“If you have any questions, call the manufacturer to speak with them, and review certain details and questions prior to starting your job,” say regional and installation managers at Corona, Calif.-based DECRA Roofing Systems Inc. “A quality manufacturer will have all of these resources available to the contractor to ensure their job runs smooth. Manufacturer installation guide review and understanding are the first steps to avoiding installation errors such as improper notching, bending, penetrations and flashing details.”

Penebaker agrees, saying, “The more trained contractors are, the better and safer their jobs will be. I am a firm believer in getting manufacturer-sponsored training in addition to having contractors obtain certified status from the various manufacturers.” Also, building codes, industry standards, local jurisdictions and established protocol provide prescriptive requirements and guidelines for correct installation.


Slope and Shape

To avoid errors, confirm the roof pitch is conducive to the material being used. Errors can occur when installing metal tiles on roof slopes less than 3:12, especially when installing zinc tiles. “The most common error I see is products being installed at less than their minimum required pitch,” says Todd Miller, president, Isaiah Industries Inc., Piqua Ohio. “Products that have horizontal laps will often have a 3:12 minimum pitch. Going below that pitch will cause problems.”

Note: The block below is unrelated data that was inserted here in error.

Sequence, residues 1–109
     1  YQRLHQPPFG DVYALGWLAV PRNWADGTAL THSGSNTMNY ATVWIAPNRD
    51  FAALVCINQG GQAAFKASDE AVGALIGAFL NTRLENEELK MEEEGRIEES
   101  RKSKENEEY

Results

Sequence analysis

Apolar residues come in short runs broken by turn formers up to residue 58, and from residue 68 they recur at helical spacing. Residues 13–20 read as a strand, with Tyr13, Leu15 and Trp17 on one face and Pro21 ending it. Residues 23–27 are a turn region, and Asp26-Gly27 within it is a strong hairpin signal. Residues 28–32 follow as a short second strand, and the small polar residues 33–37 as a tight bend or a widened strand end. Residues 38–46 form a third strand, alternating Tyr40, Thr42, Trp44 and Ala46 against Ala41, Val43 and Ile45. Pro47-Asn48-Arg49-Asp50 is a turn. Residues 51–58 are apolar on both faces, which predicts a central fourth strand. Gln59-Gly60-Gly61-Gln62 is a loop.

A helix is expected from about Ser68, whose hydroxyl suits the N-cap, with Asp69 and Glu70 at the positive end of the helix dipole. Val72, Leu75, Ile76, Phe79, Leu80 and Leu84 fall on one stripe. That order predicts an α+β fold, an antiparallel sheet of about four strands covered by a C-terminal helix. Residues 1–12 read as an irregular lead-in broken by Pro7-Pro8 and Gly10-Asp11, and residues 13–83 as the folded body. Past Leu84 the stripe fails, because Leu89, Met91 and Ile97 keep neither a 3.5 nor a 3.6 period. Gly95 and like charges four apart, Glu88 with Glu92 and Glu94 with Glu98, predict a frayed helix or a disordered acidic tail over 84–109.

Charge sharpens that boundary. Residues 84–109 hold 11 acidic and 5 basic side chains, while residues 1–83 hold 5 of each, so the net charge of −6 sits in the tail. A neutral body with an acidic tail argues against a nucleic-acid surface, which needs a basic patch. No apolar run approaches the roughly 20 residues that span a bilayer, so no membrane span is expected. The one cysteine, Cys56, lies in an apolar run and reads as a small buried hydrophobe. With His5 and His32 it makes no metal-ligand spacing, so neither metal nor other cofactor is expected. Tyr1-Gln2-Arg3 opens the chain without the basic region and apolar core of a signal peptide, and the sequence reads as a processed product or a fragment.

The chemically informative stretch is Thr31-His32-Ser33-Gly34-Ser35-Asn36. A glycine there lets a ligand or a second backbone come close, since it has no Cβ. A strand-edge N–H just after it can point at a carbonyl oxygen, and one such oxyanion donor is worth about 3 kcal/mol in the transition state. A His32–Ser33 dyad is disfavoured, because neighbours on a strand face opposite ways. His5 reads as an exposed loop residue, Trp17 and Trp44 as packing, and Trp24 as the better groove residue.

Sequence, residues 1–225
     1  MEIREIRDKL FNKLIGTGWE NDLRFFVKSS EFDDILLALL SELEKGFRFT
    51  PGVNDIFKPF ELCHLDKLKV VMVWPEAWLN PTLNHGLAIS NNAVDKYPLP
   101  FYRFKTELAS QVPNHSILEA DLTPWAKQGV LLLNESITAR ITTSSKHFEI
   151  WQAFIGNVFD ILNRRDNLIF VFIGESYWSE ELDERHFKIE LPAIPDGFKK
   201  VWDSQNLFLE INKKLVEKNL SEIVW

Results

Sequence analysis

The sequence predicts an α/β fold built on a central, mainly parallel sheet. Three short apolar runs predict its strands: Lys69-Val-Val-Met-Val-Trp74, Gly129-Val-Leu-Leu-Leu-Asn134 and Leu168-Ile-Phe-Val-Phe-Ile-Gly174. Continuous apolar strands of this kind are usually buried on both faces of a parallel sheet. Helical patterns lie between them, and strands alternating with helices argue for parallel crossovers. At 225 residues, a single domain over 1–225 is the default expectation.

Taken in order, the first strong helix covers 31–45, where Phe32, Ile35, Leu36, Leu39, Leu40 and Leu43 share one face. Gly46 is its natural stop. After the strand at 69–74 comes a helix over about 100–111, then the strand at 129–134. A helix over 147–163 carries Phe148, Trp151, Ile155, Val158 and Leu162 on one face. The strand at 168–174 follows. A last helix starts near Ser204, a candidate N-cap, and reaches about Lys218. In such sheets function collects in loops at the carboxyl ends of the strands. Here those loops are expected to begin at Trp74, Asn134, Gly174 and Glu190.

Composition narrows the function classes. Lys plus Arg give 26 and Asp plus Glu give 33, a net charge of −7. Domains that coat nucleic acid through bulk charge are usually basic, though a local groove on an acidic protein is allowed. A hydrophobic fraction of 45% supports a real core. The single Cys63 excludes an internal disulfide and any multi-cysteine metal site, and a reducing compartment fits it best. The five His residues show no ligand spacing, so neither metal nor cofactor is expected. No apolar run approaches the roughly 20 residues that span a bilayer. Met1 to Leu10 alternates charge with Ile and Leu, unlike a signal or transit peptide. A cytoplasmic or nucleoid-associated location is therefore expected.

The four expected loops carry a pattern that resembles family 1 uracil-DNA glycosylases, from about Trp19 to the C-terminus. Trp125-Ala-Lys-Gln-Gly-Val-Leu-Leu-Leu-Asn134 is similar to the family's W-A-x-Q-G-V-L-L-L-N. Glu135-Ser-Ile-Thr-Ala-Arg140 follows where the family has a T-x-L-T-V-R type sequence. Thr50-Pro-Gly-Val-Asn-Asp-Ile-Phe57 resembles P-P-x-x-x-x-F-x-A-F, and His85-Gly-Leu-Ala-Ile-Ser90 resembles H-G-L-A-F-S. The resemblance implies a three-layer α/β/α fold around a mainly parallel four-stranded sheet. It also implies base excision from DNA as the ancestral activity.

The overall condition of the roof should be assessed to confirm a solid base. To prevent installation errors, most metal roofing products require solid decking. Check for dry rot and other signs of water damage on the roof deck before metal roof tile installation. For new roofs, the deck should be inspected to determine a level plain has been installed. For a re-roof, the existing deck and roofing materials should be closely inspected to determine if the surface is adequate to receive the new tiles or if deck repairs should be performed. In either case, the new or existing deck should be checked for squareness and shape.